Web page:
My company recently installed an Oracle database and I'm trying to get my existing applications---written in both C and Applescript---to talk with it.
Being a complete newbie to Oracle and databases in general, I was wondering if someone could point me in the right direction. What would be the best way for me to talk with Oracle? If I were to start learning anything, should it be Java? SQL?
Also, I built my apps in Xcode and I'm trying to avoid starting over from scratch. Is there a way to keep my existing code and still talk with Oracle?
My company recently installed an Oracle database and
I'm trying to get my existing applications---written
in both C and Applescript---to talk with it.
anything, should it be Java? SQL?
does you app use sql ? In that case the easiest will be to use jdbc to connect to the database. If it's not using sql I am afraid you are out of luck. I am no developer so I might miss something but I sure know about oracle databases.
I started out three years ago, developing an application in Objective-C and Xcode (it wasn't Xcode at that time) that was to talk to our existing Oracle installation. To be able to talk to Oracle, I made a small Java object, that connects via JDBC to the Oracle. All the rest of the code is in Objective-C.
If you want to follow that approach, and want to know more about how I did it, contact me: ivan at myrvold.org
ls_objectname = string(dwo.name) //Â¶ÃÃÃ³ÃÃ»Â³Ã
if dwo.type <> 'text' and dwo.name <> 'datawindow' and row > 0 then
if row = 0 and this.describe(ls_objectname+".band") = "header" and this.describe(ls_objectname + ".text") <> "!" then //ÃÃÂ·Ã±ÂµÃ£Â»Ã·ÃÃÂ¶ÃÃÃ³
ls_curcol = left(ls_objectname,len(ls_objectname) - 2) //ÂµÂ±ÃÂ°ÃÃÂ¶ÃÃÃ³ÃÃ»Â³Ã
if ls_curcol <> is_oldcol then //ÂµÃ£Â»Ã·ÂµÃÃÃÂ²Â»ÃÂ¬ÃÃÂ¶ÃÃÃ³
this.modify(is_objectname + ".color =" + string(rgb(0,0,0)))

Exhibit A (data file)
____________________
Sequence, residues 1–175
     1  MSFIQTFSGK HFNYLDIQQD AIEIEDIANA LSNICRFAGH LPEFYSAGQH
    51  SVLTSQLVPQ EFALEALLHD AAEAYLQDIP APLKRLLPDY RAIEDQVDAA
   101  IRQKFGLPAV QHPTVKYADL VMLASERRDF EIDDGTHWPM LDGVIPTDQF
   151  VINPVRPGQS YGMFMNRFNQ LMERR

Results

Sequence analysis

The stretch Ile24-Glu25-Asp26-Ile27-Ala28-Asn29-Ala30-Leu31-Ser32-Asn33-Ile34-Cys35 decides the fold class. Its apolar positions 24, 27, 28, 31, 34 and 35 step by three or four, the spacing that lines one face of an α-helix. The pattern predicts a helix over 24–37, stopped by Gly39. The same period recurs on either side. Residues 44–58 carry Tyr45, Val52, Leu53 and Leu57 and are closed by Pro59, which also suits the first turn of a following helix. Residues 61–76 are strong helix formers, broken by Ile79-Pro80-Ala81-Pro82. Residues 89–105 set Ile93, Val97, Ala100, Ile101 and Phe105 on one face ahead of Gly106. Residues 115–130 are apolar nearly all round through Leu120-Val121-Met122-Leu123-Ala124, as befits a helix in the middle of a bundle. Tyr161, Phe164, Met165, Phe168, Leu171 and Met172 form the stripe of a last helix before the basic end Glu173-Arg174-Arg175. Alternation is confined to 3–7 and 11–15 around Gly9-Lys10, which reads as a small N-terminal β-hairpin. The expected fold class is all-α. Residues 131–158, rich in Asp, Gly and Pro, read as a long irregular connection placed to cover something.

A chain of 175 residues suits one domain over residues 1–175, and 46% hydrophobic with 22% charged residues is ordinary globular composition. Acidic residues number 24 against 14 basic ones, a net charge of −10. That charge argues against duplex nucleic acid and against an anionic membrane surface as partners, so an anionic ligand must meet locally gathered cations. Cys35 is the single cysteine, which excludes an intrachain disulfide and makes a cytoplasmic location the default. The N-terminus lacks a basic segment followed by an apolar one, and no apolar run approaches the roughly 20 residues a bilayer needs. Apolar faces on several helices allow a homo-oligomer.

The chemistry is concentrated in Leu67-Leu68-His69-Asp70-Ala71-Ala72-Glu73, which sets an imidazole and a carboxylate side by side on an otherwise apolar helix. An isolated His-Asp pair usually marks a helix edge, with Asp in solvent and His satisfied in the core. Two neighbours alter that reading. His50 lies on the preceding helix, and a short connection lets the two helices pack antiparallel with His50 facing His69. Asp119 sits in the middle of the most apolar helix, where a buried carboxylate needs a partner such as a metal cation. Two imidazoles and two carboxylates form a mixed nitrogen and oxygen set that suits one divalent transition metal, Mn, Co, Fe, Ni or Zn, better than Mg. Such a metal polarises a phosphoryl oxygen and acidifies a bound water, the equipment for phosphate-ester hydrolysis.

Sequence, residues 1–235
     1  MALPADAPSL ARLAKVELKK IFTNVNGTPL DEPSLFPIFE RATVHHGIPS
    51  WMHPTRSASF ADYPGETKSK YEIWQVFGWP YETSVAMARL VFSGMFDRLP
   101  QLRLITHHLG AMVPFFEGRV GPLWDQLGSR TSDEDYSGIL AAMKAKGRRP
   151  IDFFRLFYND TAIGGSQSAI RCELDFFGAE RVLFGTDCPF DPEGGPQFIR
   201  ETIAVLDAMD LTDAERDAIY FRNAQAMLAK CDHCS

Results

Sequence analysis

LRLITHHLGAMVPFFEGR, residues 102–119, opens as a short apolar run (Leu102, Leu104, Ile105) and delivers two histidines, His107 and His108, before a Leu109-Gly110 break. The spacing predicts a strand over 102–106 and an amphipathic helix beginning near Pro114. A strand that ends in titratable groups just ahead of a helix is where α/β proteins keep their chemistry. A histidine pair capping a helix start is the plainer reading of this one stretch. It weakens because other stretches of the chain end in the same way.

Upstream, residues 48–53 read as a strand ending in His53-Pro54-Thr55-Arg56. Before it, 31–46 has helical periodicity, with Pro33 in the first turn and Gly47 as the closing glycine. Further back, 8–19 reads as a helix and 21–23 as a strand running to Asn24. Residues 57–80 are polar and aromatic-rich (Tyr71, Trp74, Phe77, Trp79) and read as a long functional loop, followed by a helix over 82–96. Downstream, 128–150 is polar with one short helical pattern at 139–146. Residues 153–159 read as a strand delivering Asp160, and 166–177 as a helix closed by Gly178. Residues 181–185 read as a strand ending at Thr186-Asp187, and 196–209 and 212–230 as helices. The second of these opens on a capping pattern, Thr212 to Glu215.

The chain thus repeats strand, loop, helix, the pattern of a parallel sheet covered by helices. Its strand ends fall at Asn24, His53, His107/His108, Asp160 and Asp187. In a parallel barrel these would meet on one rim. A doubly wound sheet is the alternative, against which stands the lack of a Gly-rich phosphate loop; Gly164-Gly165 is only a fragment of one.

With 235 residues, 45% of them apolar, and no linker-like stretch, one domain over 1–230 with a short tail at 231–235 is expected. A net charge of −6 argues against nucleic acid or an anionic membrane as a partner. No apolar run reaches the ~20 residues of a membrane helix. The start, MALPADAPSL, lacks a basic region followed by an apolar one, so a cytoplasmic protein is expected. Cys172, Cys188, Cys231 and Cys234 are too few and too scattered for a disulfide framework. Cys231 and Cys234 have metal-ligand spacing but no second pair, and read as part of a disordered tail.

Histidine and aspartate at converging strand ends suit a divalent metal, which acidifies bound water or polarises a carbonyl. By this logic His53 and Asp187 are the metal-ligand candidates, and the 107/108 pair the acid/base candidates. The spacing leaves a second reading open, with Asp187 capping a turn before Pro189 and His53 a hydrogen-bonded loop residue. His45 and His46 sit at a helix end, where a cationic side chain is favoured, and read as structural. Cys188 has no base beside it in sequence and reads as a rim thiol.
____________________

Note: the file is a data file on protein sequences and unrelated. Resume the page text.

this.modify(ls_objectname + ".color =" + string(rgb(255,0,0)))
is_oldcol = ls_curcol //Â±Â£Â´Ã¦ÃÃÂ´ÃÂµÃ£Â»Ã·ÂµÃÃÃÂ¶ÃÃÃ³
is_objectname = ls_objectname
this.setsort(ls_curcol +" A") //ÃÂ·ÃÂ»Â´ÃÂµÃ£Â»Ã·ÂµÂ±ÃÂ»ÃÃÃÃ½ÃÃ²ÃÃ
ib_accend = not ib_accend
if ib_accend then //ÃÃÂ´ÃÃÃÃÃ½ÃÃ²
this.setsort(ls_curcol + " D") //ÃÃ¢Â´ÃÃÃÂ½ÂµÃÃ²
this.setsort(ls_curcol + " A")
If you are not familiar with ORACLE, my own little advice will be to start with downloading and reading Oracle 10g developer's guide(s) which are available from the OTN site. I found those guides really well written: they will provide you with the most knowledgeable introduction to Oracle features.
Further, if you are familiar with Cocoa programming, you may wish to download and read Oracle OCI (aka Oracle call interface) reference manual(s) from the same documentation site. OCI is a set of C functions that allow you to do almost anything on an Oracle database. All those C functions are compatible with the Cocoa Objective C environment, provided you set up quite a number of parameters.
From my own experience, here is a list of what may need to be done to compile a Cocoa program with Oracle OCI functions. (in all lines below replace $<Something> with the full name)
- On your project "customized settings", initialize the header paths to point to ORACLE header directories. There are three directories: $ORACLE_HOME/rdbms/demo, $ORACLE_HOME/rdbms/public, $ORACLE_HOME/plsql/public. Write the full paths (again, expand your $ORACLE_HOME ) separated by spaces.
- Idem with the Library search paths: $ORACLE_HOME/lib $ORACLE_HOME/rdbms/lib
- In the "Other Linker flags" add: -lclntsh
- You may also wish to unset the "Zero link" and the "Prebinding" flags
In a file that call an OCI function, add the three lines
(oci.h includes many other files, that is what you need to declare the above three header paths).
Your program should compile with no errors. You may encounter several warnings related to multiple definitions of SSL functions (it will make no harm as long as you do not use them in your program).
Finally, if you want to run your program (within or outside the XCode environment) you need to initialize a few environment variables, the most important being DYLD_LIBRARY_PATH, to point to both $ORACLE_HOME/lib and $ORACLE_HOME/rdbms/lib. You may also wish to initialize $ORACLE_HOME and $ORACLE_SID.
As you know, DYLD_LIBRARY_PATH is Apple's own definition for the usual UNIX LD_LIBRARY_PATH, which points to shared libraries.
To initialize those variables, I follow Apple's advice on session-wide environment variables: on your $HOME directory, create a .MacOSX ( yes: "dotMacOSX") hidden directory and add an "environment.plist" property file filled with those variables to it. Then restart your session to take the parameters into account. This is enough in a development environment.
I hope this may be useful to you. Good luck and again, read ORACLE documentation first: it is definitively not a waste of time!